Education Policy | Post Primary | Preschool | Primary | Tertiary | Search

 


Professor’s award-winning film to be taught in schools

University Professor’s award-winning film to be taught in schools

The award-winning documentary He Toki Huna: New Zealand in Afghanistan (2013) is set to be taught to hundreds of New Zealand secondary school students, giving them an important background and analysis of our role in the controversial war beyond that offered by the mainstream media.

Professor Goldson, Head of Media, Film, and Television at the University of Auckland, produced and directed He Toki Huna with her colleague Kay Ellmers of Tumanako Productions. The documentary uses independent journalist Jon Stephenson’s reportage on the ground in Afghanistan as its spine, but includes a broad range of voices including solders and military leaders, journalists, academics and local Afghan community leaders in Bamiyan and Kabul.

He Toki Huna (loosely translated as ‘the hidden adze’) asks a series of simple questions which have complex answers: Why did we go to Afghanistan? What did our troops actually do there? And why did we hear so little about our involvement, given this was our longest war?

Professor Goldson has been assisted by a $5000 grant from the Peace and Disarmament Education Trust (PADET) to distribute the film to secondary schools around the country for their free use. PADET was established from money received by the New Zealand Government from France as compensation for the damage suffered as a result of the attack on the Greenpeace 'Rainbow Warrior' ship in Auckland Harbour on 10 July 1985.

The film is being sent to schools’ History, English and Media Studies Departments along with an accompanying study guide which is also mounted on the film’s website www.nzinafghanistan.com. Annie engaged Alex Edney-Browne, a student completing her BA in Media, Film and Television and Politics, to write the guides which were tailored to the NCEA guidelines. Alex was ideal, given she remembers her experience as a Year 12 and 13 student, but has learnt strong analytical skills in media, politics and journalism studies through her time at University.

“We know teachers are very busy”, says Professor Goldson. “We tried to make the DVD and study guides ‘plug and play’ so the package fits readily into the NCEA curriculum. We hope it will be helpful for all students who engage with issues vital to Aotearoa New Zealand, but particularly those planning a career in the military, government service or journalism.”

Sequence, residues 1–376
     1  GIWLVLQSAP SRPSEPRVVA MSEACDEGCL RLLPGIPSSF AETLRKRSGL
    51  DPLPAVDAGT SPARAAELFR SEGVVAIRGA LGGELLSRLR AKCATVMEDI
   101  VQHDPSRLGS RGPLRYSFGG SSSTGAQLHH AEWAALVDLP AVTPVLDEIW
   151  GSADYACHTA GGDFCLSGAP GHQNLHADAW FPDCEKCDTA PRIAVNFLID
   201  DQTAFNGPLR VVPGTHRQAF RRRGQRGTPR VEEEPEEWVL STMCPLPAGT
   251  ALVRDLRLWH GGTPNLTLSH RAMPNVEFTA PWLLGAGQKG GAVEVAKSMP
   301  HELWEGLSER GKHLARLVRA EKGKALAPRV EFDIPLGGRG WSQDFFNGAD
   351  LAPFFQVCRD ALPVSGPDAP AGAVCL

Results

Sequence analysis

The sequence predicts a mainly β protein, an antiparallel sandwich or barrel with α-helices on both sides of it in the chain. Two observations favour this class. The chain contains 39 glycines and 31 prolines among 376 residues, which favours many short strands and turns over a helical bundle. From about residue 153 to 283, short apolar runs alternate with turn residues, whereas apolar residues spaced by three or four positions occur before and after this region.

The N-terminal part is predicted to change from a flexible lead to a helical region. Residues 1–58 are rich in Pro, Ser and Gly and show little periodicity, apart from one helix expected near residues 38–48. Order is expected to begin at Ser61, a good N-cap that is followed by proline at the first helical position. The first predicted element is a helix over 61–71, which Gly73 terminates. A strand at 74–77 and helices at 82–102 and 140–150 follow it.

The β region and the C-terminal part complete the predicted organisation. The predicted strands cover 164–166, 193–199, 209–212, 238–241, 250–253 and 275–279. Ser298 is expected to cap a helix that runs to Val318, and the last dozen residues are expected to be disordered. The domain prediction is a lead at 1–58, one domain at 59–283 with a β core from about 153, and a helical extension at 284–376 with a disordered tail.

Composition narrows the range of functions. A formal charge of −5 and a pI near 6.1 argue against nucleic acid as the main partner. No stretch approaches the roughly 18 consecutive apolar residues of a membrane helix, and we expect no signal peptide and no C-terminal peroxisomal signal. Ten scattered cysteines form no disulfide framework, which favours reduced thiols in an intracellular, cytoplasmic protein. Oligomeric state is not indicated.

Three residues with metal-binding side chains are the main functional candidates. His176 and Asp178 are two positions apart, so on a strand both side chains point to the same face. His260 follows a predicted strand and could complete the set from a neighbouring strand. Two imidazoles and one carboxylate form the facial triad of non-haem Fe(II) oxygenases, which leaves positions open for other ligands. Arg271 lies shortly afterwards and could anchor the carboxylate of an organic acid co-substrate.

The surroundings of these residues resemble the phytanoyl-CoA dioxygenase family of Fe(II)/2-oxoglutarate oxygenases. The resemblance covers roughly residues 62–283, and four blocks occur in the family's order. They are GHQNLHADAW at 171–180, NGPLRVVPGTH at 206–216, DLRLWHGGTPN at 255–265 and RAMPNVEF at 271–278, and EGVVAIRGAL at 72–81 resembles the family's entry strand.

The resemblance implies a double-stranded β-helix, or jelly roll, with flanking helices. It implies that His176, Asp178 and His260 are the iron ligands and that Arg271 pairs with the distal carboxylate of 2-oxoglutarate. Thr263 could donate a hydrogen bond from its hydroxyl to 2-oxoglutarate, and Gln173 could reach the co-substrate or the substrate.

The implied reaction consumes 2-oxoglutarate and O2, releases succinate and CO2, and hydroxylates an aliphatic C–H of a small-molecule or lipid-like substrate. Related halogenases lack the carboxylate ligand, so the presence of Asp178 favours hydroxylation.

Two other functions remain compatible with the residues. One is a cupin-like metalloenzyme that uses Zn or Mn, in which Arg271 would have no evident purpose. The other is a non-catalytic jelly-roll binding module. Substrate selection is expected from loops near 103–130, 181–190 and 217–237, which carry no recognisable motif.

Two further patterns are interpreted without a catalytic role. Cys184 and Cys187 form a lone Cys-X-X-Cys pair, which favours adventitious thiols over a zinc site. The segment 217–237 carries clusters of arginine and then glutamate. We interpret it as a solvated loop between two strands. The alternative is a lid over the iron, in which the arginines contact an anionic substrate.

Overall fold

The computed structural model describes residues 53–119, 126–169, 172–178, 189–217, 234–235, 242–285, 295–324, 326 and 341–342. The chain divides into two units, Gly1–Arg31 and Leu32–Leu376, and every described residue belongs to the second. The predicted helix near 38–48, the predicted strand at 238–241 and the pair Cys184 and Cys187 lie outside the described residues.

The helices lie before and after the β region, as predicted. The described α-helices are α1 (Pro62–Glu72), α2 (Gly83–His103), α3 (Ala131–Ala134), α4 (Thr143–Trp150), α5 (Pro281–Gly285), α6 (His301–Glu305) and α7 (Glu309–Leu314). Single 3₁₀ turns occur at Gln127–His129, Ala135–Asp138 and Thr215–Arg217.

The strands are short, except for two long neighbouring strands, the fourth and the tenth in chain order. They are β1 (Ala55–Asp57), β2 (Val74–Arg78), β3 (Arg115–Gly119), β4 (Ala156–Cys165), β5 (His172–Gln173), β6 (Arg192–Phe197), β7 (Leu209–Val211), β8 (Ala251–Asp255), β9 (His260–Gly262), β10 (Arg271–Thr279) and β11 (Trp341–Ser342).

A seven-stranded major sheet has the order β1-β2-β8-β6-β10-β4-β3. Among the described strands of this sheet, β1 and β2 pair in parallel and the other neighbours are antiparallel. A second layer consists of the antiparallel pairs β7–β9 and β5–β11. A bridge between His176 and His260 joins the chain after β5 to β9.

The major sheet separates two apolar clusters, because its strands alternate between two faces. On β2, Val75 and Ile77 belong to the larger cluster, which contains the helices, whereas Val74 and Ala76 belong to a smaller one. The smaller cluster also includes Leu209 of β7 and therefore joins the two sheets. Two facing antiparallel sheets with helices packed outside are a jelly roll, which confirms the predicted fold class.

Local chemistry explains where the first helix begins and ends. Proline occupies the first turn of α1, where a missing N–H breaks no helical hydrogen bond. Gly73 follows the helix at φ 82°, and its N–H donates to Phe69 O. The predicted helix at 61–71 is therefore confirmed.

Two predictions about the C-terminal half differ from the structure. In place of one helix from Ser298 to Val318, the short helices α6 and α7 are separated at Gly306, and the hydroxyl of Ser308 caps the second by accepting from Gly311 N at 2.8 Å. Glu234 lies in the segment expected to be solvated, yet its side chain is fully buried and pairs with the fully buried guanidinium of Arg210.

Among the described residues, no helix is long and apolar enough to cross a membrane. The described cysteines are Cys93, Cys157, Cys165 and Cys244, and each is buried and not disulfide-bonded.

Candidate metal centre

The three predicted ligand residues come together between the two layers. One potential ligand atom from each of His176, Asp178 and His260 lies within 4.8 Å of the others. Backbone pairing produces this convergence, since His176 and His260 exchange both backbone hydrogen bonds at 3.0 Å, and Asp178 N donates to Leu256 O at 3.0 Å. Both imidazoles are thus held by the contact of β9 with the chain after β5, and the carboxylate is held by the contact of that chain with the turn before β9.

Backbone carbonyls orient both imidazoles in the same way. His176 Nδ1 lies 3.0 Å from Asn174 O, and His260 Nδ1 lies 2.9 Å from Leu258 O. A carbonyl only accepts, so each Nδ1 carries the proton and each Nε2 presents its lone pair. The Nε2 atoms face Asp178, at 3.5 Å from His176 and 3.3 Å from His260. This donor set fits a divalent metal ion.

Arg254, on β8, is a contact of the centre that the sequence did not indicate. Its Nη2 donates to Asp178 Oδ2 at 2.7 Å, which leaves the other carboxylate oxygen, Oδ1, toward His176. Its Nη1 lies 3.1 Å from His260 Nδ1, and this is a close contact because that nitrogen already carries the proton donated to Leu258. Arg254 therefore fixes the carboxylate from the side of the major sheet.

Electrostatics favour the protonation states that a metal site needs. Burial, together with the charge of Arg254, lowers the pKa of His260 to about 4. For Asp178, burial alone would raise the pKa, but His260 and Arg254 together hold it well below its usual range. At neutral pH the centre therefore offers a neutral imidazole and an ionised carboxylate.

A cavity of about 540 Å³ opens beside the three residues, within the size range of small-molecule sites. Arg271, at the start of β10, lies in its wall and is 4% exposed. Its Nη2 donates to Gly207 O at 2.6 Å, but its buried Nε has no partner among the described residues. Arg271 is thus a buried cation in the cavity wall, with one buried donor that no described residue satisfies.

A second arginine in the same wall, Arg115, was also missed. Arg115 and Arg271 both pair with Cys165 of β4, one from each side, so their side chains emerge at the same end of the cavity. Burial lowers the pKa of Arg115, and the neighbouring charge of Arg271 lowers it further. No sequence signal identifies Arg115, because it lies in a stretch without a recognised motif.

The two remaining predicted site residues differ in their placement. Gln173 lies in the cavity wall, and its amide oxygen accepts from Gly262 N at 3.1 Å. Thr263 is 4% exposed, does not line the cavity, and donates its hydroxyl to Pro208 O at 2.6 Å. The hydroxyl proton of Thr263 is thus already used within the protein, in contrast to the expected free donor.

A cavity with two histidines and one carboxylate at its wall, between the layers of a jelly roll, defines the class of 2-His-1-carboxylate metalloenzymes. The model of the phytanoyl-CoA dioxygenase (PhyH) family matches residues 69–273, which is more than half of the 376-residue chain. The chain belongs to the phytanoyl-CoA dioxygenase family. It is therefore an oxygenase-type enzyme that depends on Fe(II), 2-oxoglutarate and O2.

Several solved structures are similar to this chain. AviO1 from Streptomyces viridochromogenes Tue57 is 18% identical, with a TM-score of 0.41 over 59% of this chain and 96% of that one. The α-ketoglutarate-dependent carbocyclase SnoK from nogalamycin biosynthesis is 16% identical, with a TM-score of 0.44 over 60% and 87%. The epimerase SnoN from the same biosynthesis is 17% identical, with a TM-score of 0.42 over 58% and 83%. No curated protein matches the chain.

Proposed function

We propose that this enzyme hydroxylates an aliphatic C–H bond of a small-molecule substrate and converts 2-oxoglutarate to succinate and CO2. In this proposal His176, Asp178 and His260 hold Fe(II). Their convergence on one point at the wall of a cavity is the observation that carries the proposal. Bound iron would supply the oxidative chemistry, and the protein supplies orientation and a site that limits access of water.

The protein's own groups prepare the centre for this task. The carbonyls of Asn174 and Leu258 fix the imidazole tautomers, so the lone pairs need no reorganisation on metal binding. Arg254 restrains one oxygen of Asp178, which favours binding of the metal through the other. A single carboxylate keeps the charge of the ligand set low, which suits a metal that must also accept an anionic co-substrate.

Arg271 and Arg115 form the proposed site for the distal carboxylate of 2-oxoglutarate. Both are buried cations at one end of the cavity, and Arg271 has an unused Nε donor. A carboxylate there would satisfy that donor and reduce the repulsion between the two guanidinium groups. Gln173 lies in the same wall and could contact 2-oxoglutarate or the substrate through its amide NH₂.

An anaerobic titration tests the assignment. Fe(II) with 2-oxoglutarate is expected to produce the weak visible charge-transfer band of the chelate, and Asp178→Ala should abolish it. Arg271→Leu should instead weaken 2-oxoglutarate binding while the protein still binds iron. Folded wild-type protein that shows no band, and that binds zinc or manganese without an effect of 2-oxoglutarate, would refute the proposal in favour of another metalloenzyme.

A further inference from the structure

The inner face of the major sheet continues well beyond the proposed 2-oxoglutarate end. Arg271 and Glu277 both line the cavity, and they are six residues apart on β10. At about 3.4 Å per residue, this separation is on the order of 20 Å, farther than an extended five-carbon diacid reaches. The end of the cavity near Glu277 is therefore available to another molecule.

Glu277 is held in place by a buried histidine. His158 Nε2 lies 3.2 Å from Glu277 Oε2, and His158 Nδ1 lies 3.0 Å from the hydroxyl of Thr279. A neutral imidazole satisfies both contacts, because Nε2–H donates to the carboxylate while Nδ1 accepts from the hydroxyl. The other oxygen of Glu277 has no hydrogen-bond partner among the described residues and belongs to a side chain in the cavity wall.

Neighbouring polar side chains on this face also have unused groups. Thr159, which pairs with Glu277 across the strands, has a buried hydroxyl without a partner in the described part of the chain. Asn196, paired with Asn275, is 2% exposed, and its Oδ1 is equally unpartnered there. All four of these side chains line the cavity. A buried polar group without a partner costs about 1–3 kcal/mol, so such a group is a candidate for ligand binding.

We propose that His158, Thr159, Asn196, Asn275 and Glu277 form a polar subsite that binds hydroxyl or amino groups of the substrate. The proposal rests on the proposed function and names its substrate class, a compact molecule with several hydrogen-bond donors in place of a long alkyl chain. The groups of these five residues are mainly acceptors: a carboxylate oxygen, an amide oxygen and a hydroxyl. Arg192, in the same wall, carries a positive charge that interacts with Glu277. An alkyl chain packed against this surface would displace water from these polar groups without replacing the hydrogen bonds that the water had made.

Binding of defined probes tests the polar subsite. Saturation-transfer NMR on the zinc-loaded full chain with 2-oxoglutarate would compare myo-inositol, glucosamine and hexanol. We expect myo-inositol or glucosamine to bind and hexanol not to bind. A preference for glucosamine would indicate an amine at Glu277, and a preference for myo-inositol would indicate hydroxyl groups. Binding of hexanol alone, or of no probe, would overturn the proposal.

Annie and collaborator James Brown won Best Editor for He Toki Huna at last year’s Rialto Channel Film Awards. The film was also nominated for Best Documentary, Best Director and Best Camera at the awards, also affectionately known as ‘the Moas’.

Originally commissioned by Maori Television and funded by New Zealand on Air, with an initial version screening on the eve of Anzac Day, the film was significantly expanded from its broadcast length into an 80-minute feature. It then screened throughout New Zealand at the International Film Festival, premiering in Auckland at Sky City Theatre, garnering uniformly high critical praise for its intelligence, insight and balance. The film was also a finalist for ‘Best Factual Script’ in the Script Writer Awards of New Zealand earlier this year.

He Toki Huna: New Zealand in Afghanistan was funded through NZ on Air and Maori Television Service with generous support from the University of Auckland and assistance from the New Zealand Film Commission’s Feature Film Finishing Grant.

ENDS

© Scoop Media

 
 
 
 
 
Culture Headlines | Health Headlines | Education Headlines

 

Electronica: Restoring The World’s First Recorded Computer Music

University of Canterbury Distinguished Professor Jack Copeland and UC alumni and composer Jason Long have restored the earliest known recording of computer-generated music, created more than 65 years ago using programming techniques devised by Alan Turing. More>>

ALSO:

Scoop Review Of Books: Almost Getting Away With Murder

The Black Widow by Lee-Anne Cartier: Lee-Anne Cartier is the sister of the Christchurch man found to have been murdered by his wife, Helen Milner, after an initial assumption by police that his death, in 2009, was suicide. More>>

Howard Davis: Triple Echo - The Malevich/Reinhardt/Hotere Nexus

Howard Davis: The current juxtaposition of works by Ralph Hotere and Ad Reinhardt at Te Papa perfectly exemplifies Jean Michel Massing's preoccupation with the transmigration of imagery in a remarkable triple echo effect... More>>

Scoop Review Of Books: Nō Tāu Manawa

Vaughan Rapatahana responds to Fale Aitu | Spirit House by Tusiata Avi: "fa’afetai Tusiata, fa’afetai, / you’ve swerved & served us a masterclass corpus / through graft / of tears & fears..." More>>

9 Golds - 21 Medals: NZ Team Celebrates As Rio 2016 Paralympic Games Close

The entire New Zealand Paralympic Team, led by kiwi sprinter and double gold medallist Liam Malone as flag bearer, are on the bus to the Maracanã Stadium in Rio de Janeiro for the Closing Ceremony of the Rio 2016 Paralympic Games. There, they will celebrate the fantastic successes of the past 10 days. More>>

ALSO:

New Zealand Improv Festival: The Festival Of Moments To Return To The Capital

The eighth incarnation of the New Zealand Improv Festival comes to BATS Theatre this 4-8 October , with a stellar line-up of spontaneous theatre and instant comedy performed and directed by top improvisors from around New Zealand and the world. More>>

ALSO:

Get More From Scoop

 
 

LATEST HEADLINES

 
 
 
 
Education
Search Scoop  
 
 
Powered by Vodafone
NZ independent news